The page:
There is a publication published by Kansas State University that describes temperature conditions that cause spring freeze injury, symptoms of injury and different spring growth stages, and management practices to use when wheat is injured. This publication, "Spring Freeze Injury to Kansas," is available at the Finney County Extension Office for the public convenience.
The potential listing of the Lesser Prairie Chicken as a threatened or endangered species by the U.S. Fish and Wildlife Service is on the minds of many landowners in Kansas and a cause of concern for land managers.
The Kansas Department of Wildlife, Parks and Tourism and K-State Research and Extension will host a webinar to address landowners' concerns at 7 p.m. April 30 at the Finney County Extension Office, 501 S. Ninth St.
Speakers from KDWPT, Farm Services Agency and Natural Resources Conservation Agency will provide updated information. Topics to be discussed include: background on the LPC listing and the state's planning efforts, goals of the plan and priority areas.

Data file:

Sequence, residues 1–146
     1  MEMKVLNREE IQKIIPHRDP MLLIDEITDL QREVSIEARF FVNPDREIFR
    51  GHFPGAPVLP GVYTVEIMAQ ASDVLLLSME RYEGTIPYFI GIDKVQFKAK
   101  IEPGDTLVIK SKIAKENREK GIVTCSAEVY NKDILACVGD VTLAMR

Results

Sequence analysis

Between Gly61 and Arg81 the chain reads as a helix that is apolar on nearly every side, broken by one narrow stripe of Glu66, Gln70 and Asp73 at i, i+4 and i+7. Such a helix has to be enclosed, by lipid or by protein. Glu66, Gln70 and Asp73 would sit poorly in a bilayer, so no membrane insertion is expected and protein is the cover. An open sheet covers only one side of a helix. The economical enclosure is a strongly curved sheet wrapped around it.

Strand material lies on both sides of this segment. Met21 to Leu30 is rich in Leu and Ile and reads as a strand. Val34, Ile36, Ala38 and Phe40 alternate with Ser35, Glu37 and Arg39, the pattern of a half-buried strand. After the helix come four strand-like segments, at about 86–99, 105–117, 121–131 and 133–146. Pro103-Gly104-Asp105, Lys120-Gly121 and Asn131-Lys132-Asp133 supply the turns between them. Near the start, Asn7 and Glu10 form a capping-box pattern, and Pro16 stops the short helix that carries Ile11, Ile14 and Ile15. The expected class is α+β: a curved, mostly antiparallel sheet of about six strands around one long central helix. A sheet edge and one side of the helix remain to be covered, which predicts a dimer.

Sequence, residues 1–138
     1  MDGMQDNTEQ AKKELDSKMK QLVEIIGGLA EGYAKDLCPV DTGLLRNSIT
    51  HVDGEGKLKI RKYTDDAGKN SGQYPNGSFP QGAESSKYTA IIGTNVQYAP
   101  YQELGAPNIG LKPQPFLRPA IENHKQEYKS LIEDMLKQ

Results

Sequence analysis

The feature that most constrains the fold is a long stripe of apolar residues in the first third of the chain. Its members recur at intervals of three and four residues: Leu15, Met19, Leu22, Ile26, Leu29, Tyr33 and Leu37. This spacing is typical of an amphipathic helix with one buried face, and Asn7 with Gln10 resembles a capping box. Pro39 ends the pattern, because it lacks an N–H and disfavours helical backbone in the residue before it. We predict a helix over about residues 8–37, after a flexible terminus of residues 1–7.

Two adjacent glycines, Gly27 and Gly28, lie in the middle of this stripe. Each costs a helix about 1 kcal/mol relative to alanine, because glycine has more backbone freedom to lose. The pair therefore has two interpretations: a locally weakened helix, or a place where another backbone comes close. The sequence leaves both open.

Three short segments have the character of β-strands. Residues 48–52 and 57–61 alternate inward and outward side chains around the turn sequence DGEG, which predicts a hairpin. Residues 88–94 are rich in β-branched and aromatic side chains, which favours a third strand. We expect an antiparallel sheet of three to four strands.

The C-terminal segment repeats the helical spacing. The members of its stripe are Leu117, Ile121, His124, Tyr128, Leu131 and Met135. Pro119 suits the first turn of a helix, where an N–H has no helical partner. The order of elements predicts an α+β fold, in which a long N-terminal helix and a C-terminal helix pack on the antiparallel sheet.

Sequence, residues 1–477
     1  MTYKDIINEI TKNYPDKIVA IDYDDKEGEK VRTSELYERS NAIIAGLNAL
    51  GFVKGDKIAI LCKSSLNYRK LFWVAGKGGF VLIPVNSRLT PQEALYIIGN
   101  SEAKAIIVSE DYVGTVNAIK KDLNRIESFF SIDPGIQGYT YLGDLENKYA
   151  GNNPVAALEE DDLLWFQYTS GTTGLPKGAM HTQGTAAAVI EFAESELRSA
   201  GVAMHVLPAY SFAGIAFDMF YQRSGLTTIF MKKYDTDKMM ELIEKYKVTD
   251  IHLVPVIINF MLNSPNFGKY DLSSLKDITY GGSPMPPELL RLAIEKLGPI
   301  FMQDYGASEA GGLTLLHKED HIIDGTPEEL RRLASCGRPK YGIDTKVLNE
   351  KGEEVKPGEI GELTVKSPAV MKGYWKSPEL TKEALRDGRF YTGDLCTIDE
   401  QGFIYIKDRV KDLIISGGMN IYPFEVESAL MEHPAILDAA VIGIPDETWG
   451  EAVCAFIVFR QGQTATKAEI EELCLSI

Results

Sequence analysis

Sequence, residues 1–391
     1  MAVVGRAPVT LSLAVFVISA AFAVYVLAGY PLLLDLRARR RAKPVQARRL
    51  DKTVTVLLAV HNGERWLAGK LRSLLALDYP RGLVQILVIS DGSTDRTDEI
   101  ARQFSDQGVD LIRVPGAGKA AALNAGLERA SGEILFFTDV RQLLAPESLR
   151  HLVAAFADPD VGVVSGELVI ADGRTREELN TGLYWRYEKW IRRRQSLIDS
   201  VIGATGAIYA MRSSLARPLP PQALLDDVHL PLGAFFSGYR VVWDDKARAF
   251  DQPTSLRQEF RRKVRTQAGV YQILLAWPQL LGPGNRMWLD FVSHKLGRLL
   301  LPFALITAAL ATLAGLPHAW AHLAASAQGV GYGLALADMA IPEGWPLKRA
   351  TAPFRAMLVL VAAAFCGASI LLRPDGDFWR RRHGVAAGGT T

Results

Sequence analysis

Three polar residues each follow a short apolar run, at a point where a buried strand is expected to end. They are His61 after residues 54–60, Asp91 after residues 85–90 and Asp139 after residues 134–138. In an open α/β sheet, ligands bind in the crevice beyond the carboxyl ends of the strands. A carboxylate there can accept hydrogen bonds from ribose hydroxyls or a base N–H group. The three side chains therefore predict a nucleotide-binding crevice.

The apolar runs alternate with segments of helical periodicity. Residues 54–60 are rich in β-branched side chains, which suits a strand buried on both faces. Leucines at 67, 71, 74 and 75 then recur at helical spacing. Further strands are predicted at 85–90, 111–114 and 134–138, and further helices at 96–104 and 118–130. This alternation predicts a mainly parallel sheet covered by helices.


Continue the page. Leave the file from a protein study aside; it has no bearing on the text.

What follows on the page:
Detailed information on the conservation value of land and allocation of offset payments to landowners will be provided. Information on the state and federal plans specifically designed to improve habitat for LPC and what a proposed listing means to those enrolled in federal programs will be explained.
Webinars allow those with high-speed Internet to connect with the host site and view and listen to the speaker's programs online. Participants will be able to ask questions and make comments. Because of anticipated demand, there will be 17 viewing sites of the webinar. The list of county sites are available on the K-State Research and Extension website.
Please RSVP to better set up the meeting room by calling 272-3670. Contact me at email@example.com.
Thank you to all the 4-H volunteers, leaders and parents who give their time to the Finney County 4-H program, so that the 4-H members benefit from what 4-H has to offer to develop their life skills, citizenship and leadership.